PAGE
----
Madison’s Notes: The Federal Convention of 1787: August 28

Liberty Letters, 28 August 1787, James Madison

Editor’s Notes: Mr. Sherman made the following report regarding items referred to committee:

1. That there be inserted after the 4th clause of 7th. section “Nor shall any regulation of commerce or revenue give preference to the ports of one State over those of another, or oblige vessels bound to or from any State to enter, clear or pay duties in another and all tonnage, duties, imposts and excises laid by the Legislature shall be uniform throughout the U. S.” Ordered to lie on the table.

2. Art. 11 Sect. 3 It was moved to strike out the words “it shall be appellate” and to insert the words “the supreme Court shall have appellate jurisdiction,” — in order to prevent uncertainty whether “it” referred to the supreme Court, or to the Judicial power. Passed.

3. Sect. 4. was so amended without dissent to read: “The trial of all crimes (except in cases of impeachment) shall be by jury, and such trial shall be held in the State where the said crimes shall have been committed; but when not committed within any State, then the trial shall be at such place or places as the Legislature may direct.” The object of this amendment was to provide for trial by jury of offenses committed out of any State. Passed.

4. When if ever, Habeas Corpus (a writ to bring a prisoner before the court to inquire into the legality of his confinement) shall be suspended was debated. Mr. GOVr. MORRIS moved that “The privilege of the writ of Habeas Corpus shall not be suspended; unless where in cases of Rebellion or invasion the public safety may require it.” Motion passed without dissent. By the way, it proves the fraud of Libertarian historians that Lincoln was a tyrant for suspending habeas corpus during the Civil War. His was fully within his rights in that the Civil War was precisely the exception envisioned, being both a rebellion and an invasion, and no doubt also meeting the third qualifier, in that Lincoln surely believed that having to prove the legality of arrests of war criminals when the enemy thought the war illegal anyway, would but create a side show that might undermine the legitimacy of the war, dividing public opinion (think Vietnam), and thus cost lives, many lives (thus, undermining public safety).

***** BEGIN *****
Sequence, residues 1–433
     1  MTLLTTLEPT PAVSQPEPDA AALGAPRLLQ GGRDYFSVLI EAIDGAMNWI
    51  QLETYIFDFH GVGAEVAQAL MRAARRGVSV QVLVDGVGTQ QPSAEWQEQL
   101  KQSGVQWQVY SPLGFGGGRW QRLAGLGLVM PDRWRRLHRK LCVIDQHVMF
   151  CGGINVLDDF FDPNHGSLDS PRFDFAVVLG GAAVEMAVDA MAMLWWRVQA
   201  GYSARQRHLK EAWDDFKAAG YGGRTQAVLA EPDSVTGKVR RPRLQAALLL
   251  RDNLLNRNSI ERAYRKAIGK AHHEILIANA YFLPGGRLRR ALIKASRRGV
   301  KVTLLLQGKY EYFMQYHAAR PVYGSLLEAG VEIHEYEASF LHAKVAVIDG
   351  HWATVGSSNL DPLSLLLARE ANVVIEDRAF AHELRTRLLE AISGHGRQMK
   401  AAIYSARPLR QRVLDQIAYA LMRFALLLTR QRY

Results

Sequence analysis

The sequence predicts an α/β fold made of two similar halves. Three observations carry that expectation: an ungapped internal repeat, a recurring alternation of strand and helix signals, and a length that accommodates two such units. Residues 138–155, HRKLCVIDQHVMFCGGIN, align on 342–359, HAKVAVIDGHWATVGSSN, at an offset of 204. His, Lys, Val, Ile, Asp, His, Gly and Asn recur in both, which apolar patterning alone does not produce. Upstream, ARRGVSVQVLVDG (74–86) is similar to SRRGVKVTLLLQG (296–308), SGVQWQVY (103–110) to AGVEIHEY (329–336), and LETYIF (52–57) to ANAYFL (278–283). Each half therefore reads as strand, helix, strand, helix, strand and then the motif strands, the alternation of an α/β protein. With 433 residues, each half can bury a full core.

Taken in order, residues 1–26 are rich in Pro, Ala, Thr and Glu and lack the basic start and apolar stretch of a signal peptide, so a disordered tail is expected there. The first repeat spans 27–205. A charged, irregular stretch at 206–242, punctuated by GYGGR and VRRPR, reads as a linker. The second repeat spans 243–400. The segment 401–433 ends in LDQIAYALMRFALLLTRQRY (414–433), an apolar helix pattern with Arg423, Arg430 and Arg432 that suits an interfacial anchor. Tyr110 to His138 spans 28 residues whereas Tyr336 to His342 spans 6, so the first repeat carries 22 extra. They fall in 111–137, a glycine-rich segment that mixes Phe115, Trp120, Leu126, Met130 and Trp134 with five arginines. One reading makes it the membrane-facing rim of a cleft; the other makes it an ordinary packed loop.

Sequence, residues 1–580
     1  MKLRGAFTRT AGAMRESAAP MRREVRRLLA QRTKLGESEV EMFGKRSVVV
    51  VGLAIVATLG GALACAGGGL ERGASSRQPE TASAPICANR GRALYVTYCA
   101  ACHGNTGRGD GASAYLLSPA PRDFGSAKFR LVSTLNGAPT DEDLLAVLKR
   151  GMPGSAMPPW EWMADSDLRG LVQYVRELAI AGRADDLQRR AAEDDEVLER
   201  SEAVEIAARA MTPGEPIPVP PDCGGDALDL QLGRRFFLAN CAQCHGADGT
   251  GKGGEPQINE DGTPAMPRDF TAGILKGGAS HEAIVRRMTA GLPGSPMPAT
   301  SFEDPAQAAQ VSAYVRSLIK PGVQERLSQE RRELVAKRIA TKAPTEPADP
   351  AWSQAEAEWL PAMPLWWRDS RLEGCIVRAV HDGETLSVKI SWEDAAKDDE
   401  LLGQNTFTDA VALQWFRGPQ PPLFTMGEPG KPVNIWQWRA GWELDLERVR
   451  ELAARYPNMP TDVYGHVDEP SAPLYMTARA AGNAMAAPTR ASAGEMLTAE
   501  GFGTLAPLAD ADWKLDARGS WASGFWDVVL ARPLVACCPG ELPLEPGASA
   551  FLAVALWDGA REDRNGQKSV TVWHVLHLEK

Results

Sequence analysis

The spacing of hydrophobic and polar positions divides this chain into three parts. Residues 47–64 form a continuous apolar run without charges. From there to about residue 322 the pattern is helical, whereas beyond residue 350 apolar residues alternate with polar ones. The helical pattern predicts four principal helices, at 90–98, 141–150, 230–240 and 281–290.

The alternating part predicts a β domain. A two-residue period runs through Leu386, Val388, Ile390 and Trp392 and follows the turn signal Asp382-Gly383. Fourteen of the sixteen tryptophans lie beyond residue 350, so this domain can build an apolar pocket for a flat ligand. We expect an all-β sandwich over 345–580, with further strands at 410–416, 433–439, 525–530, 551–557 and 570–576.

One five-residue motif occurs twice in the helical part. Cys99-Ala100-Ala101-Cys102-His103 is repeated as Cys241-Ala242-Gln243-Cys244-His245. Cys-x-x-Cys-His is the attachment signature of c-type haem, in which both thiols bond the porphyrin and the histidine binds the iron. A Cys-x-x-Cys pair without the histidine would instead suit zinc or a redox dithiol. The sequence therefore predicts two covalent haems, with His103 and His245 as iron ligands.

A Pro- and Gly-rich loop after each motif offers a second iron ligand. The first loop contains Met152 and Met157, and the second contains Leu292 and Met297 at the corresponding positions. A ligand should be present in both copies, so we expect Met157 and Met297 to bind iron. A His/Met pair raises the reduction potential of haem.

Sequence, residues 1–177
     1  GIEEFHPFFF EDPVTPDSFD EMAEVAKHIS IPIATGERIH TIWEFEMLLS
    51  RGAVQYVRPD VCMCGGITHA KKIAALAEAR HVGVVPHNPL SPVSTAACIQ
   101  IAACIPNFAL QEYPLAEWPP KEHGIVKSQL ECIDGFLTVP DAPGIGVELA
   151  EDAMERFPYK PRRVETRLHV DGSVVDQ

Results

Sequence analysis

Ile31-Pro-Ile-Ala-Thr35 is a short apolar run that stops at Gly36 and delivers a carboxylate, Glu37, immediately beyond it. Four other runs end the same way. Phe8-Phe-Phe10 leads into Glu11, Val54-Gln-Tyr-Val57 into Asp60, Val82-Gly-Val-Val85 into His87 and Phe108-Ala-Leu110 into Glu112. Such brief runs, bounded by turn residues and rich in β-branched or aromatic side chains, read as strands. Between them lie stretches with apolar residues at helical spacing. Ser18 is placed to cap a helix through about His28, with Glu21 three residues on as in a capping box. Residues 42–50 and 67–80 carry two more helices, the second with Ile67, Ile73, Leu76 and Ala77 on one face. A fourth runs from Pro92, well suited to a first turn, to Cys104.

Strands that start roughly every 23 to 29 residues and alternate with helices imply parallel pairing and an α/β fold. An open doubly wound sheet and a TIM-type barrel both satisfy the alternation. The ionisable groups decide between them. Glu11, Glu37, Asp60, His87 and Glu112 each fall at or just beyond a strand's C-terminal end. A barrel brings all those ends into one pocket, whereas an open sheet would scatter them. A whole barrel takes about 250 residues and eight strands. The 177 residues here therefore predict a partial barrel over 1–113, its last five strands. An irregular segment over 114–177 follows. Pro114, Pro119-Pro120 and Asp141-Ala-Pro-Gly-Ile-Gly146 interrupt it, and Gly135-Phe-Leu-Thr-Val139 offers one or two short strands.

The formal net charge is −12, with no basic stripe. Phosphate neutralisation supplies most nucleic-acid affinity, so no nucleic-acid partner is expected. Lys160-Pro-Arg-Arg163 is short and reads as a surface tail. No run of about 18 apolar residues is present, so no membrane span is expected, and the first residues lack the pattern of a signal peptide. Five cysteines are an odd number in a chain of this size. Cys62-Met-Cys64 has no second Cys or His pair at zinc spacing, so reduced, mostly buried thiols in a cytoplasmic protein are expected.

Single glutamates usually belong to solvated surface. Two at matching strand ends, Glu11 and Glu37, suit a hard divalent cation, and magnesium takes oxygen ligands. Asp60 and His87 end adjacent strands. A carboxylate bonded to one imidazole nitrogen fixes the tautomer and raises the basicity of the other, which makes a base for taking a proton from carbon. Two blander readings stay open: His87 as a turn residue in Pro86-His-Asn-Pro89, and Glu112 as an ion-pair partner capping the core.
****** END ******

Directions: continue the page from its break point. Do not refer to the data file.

Wilson and Sherman moved to insert after the words “coin money” the words “nor emit bills of credit, nor make any thing but gold and silver coin a tender in payment of debts” making these prohibitions absolute. Sherman thought this a favorable crisis for crushing paper money. He wanted to insure there was no loopholes. Near unanimous vote in favor of “nor emit bills of credit.”

Madison envisioned a “nullification principle.” His example: in the case of any “ex post facto” laws made, “judges” will be “oblige[d]” … “to declare such interferences null and void.”

Mr. Rutlidge moved to insert a prohibition against bills of attainder (legislative acts that would permit groups or individuals to pronounce sentence without a trial) nor retrospective (such as ex post facto) laws. Passed.

Madison opposed any power within individual states to impose import duties [both in trade with foreign nations, and between the states] in order to protect a local monopoly. He said this “would revive all the mischief experienced from the want of a General Government over commerce.” Such a power was rejected.

Morris noted that tax or trade policies that favored one state above another or one region of the country above another might lead that state or region into the arms of other countries.

Steve Farrell

_________________________

Mr. SHERMAN from the Committee to whom were referred several propositions on the 25th. instant, made the following report

That there be inserted after the 4th clause of 7th. section

“Nor shall any regulation of commerce or revenue give preference to the ports of one State over those of another, or oblige vessels bound to or from any State to enter, clear or pay duties in another and all tonnage, duties, imposts and excises laid by the Legislature shall be uniform throughout the U. S.”

Ordered to lie on the table.

Art XI Sect. 3  It was moved to strike out the words

“it shall be appellate” and to insert the words “the supreme Court shall have appellate jurisdiction,” — in order to prevent uncertainty whether “it” referred to the supreme Court, or to the Judicial power.

On the question

N. H ay. Mas. ay. Ct. ay. N. J. abst. Pa. ay. Del. ay. Md. no. Va. ay. N C ay. S. C. ay. Geo. ay.